Valuing the benefits from preserving threatened native fauna and flora from invasive animal pests

Invasive animal pests inflict many kinds of damage on the environment, and threaten native fauna and flora. We attempt to value the benefits from the extra biodiversity that is protected if these threats were removed. The NSW Rural Lands Protection Board is a major agency that undertakes pest control, and is organised into 48 districts across the state. A cross-sectional set of data on Board expenditures, pest abundance, and environmental and climatic characteristics, was compiled by district and analysed. The number of threatened native plant and animal species increases with pest abundance and with the total number of native species present in the district. But the number of threatened species decreases as Board expenditures on pest control increase. The value of preserving an extra species is derived from these changes in expenditure, following conventional economic principles. Then the potential gain in economic surplus is estimated if the threats to biodiversity were removed. The results so far suggest that the value of the total benefit of protecting an extra species is at least $44,250 per year, and the potential gain in surplus for New South Wales if the threats were removed is at least $132m per year. This change in surplus is also the total economic loss because invasive pests threaten native flora and fauna. If only half the native species could be protected, the avoidable economic loss is at least $95.7m per year. The assumptions and limitations of these estimates are discussed.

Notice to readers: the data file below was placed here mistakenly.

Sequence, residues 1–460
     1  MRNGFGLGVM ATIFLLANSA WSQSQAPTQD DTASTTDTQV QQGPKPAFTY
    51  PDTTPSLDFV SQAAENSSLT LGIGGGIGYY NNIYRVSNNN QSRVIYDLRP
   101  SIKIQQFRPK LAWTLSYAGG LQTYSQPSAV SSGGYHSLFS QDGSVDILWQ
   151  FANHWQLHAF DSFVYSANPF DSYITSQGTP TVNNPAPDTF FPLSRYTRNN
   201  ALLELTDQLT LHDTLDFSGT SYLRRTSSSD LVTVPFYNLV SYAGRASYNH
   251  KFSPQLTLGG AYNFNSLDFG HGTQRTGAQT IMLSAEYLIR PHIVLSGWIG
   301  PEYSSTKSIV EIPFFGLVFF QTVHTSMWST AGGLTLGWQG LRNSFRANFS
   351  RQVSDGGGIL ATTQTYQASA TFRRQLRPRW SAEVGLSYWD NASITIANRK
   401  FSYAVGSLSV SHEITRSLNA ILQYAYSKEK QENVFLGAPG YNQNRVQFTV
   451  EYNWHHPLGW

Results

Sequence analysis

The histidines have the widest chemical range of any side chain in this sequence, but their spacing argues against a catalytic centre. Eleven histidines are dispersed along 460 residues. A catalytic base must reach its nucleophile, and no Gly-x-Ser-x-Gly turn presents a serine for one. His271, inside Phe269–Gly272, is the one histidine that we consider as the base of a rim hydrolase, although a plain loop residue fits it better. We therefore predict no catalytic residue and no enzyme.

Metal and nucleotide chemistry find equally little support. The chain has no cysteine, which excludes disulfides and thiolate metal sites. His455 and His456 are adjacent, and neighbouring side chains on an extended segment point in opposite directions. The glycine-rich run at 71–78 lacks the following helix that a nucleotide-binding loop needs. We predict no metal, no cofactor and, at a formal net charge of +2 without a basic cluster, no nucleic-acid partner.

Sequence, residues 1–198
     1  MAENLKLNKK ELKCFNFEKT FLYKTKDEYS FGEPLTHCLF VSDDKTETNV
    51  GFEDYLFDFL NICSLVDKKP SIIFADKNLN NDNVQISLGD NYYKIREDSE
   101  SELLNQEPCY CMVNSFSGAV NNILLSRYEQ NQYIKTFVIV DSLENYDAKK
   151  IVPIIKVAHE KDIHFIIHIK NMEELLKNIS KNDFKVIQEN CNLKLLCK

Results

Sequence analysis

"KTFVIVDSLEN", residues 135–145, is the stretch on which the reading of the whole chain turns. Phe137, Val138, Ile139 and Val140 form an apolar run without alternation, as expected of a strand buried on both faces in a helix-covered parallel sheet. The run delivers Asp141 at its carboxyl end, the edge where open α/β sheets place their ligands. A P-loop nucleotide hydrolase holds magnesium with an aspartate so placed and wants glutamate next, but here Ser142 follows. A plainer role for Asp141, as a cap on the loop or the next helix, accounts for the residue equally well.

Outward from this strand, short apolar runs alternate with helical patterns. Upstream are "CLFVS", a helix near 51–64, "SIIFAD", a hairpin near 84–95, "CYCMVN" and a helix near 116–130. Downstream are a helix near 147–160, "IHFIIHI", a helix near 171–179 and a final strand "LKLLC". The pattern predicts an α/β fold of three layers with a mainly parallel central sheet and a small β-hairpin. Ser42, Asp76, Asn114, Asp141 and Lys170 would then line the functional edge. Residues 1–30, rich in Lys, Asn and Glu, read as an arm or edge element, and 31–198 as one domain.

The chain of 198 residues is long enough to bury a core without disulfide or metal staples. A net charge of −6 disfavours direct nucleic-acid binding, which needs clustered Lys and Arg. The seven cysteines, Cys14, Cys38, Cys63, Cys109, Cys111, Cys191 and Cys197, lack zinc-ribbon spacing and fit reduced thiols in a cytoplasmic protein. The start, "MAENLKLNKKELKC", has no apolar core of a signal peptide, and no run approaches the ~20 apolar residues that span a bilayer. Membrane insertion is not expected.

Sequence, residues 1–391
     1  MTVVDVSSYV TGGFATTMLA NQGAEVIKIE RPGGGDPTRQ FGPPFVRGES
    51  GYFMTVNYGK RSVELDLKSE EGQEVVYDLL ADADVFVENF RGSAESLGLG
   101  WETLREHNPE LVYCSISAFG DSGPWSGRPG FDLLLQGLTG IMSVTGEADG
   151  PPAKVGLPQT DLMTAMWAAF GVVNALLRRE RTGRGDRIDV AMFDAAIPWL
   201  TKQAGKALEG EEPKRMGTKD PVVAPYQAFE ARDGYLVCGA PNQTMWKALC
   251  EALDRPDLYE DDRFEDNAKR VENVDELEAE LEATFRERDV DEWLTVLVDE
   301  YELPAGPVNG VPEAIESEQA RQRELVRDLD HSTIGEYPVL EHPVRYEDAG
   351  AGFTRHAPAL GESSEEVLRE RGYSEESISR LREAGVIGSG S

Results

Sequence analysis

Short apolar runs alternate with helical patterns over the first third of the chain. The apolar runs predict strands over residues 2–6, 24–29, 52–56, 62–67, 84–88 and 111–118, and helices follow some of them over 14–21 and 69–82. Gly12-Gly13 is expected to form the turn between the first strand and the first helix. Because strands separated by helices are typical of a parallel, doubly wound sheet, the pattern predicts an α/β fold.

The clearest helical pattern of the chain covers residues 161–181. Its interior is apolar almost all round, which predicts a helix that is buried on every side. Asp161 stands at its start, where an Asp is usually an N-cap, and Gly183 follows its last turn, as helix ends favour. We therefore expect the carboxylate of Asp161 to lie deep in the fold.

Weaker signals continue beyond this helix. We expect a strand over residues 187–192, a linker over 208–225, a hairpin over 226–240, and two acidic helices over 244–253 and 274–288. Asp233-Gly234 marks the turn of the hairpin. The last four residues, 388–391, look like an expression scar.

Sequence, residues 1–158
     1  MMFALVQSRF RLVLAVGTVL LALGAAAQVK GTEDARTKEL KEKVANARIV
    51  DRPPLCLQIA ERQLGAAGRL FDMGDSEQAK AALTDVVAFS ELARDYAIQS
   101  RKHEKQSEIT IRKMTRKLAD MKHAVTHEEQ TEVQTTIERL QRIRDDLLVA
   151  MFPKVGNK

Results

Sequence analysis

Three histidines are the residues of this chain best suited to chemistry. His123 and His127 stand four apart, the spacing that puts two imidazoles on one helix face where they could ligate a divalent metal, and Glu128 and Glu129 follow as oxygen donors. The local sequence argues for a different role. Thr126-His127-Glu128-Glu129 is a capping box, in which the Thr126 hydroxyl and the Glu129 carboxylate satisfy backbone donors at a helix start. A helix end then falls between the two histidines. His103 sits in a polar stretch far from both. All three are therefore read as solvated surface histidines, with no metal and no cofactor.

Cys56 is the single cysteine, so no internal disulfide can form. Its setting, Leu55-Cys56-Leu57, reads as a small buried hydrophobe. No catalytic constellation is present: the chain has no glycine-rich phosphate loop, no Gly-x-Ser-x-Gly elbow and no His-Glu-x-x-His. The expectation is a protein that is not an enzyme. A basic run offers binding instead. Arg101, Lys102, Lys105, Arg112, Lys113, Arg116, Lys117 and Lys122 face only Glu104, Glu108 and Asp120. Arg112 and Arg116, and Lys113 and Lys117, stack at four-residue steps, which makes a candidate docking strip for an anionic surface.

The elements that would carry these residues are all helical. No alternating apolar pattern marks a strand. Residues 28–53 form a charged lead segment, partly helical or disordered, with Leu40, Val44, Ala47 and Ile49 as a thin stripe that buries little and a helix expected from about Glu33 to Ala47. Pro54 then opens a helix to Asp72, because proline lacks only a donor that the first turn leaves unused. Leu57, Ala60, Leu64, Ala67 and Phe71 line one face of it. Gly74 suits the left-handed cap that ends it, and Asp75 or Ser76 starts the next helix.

Issue Date:
2008
Publication Type:
Conference Paper/ Presentation
PURL Identifier:
http://purl.umn.edu/5995
Total Pages:
20
Series Statement:
Conference Paper




 Record created 2017-04-01, last modified 2017-08-23

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